A 21st Century Vision of Healthcare – A Paradigm Shift
Turning our healthcare systems upside down for a healthier society in the future
Let me make it crystal clear, I cherish the best of modern medicine and am grateful that I live at a time when millions are saved from a premature death with the advent of the wonders of modern medicine. My own father would not have died when I was only a baby if antibiotics been readily available at that time.
Despite my respect and admiration for the incredible advances medicine has made over the last century, I know that we have been travelling on the wrong road, if we hope and aspire to a healthier society tomorrow.
It is time we should all take a moment to discuss and debate what exactly we all mean by “health”. In particular our leaders in healthcare, the government planners who allocate resources, the specialists at the cutting edge of medical research, our doctors who are regarded as the primary experts on all matters of health and, most importantly, you and I, the general public who are the ultimate driving force for the future of medicine and healthcare!
I have spent over forty years as a health practitioner trying to satisfy myself on this apparent simple question “what is health and how does it arise?” I am convinced it is not a difficult question to answer, and health is not only based on a few simple basic factors but should be the norm for the vast majority of us!
I also believe it is no coincidence that mankind is challenged right now with an even bigger question “how to save the health of our planet so that future generations of our children will be able to survive here.” These two questions have almost the same answers, as you can see from my brief article on this matter – “Yes You Can Save The Planet! You Can Fix Your Own Health & The Planet’s Health”
At the end of the last Millennium, in 1999 the UK government published a radical document entitled “Our Healthier Nation” that envisaged the problems we now have. HERE briefly it highlighted that too many people are ill for much of their lives and that too many people are dying too young from illnesses which are preventable. It highlighted the need for individuals to take more care of their own health, and for a health service that was much more integrated at all levels. It highlighted the key killers: cancer, coronary heart disease, strokes, and other chronic diseases that we now know are largely preventable with lifestyle changes, and improvements in social, economic and environmental factors.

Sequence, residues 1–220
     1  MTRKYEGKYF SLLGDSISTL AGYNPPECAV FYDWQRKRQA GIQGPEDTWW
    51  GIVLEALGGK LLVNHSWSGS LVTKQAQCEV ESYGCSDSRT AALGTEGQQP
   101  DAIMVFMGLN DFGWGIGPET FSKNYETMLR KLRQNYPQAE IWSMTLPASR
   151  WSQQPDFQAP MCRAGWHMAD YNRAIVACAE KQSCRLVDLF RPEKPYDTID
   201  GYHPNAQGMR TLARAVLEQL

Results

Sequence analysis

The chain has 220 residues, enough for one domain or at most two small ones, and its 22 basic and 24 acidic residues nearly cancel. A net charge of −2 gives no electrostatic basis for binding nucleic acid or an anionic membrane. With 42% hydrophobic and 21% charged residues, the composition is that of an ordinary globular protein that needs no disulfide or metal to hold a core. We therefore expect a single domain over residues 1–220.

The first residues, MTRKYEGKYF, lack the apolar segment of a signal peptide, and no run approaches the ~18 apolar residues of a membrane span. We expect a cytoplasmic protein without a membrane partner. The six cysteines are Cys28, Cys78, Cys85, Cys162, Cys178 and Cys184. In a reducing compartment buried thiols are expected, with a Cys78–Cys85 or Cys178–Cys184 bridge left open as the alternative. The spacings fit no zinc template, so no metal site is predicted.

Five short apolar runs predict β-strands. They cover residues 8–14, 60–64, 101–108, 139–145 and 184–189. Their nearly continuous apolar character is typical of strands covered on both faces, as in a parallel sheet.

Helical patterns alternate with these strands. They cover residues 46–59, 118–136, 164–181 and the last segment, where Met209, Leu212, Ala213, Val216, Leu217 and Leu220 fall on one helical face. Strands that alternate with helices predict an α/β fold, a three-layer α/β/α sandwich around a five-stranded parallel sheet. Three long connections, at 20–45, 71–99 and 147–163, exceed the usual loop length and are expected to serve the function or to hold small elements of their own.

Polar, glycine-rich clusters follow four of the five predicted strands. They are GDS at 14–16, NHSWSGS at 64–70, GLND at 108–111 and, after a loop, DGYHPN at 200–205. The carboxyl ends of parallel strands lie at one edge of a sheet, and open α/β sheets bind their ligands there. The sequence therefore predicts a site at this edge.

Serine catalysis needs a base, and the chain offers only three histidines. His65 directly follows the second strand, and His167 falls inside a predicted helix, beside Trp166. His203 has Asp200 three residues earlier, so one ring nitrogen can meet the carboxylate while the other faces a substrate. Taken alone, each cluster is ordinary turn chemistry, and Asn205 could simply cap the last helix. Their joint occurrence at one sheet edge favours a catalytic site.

Sadly over the past 21 years these early warnings have been almost ignored. There have been major changes but these changes have emphasised medical treatment of chronic diseases, greater reliance on treating established diseases and less concern for preventing them. Most investment has driven this process as chronic diseases and pathology offer an almost limitless commercial market for new drugs, medical interventions, medical insurance, and today the acceptance that mankind’s survival will need global “jabs” on a regular basis.
Health education and promotion does not have the same commercial driving force. As a health practitioner I judge the success of my work by the increasing independence of my patients who need to see me less and less as they learn to change their lifestyle and become more responsible for their own health and wellbeing.
No Government can make us healthier, and most doctors would confirm that even they cannot make their patients healthier. The best they can do is relieve suffering, repair damaged structures, and extend a life of ill health. Only you and I have the response-ability to choose what we eat for good health, how we exercise, how to deal with the stresses of life, and what kind of work and lifestyle we want to have. Yes, governments can improve the environment we work and live in. They can direct the education of us all towards healthier living, from school children to doctors who need to be educated in health promotion as well as in disease therapy.
As the 1999 White Paper pointed out, we need a partnership that works towards a healthier society. This is not achieved solely by more and more medical intervention. The USA has the highest per capita spend on medical care but is near the bottom of the healthiest developed countries! We in the UK are following their example, but we do have the advantage to see where it may lead us and now make the changes that we all need.
For a fuller review of the many connections that lead to wellbeing and good health I published a small book a decade ago called “CONNECTION – Towards a Broader Understanding of Health in Medicine.“
Let us hope that 2022 will be the start of a new era in healthcare and that we can all work together for a healthier society and planet. We all have Response-Ability, let’s use it!
Michael Lingard BSc.(Econ). Dip.Osteopathy.
Health Practitioner, Buteyko Educator, Nutritionist.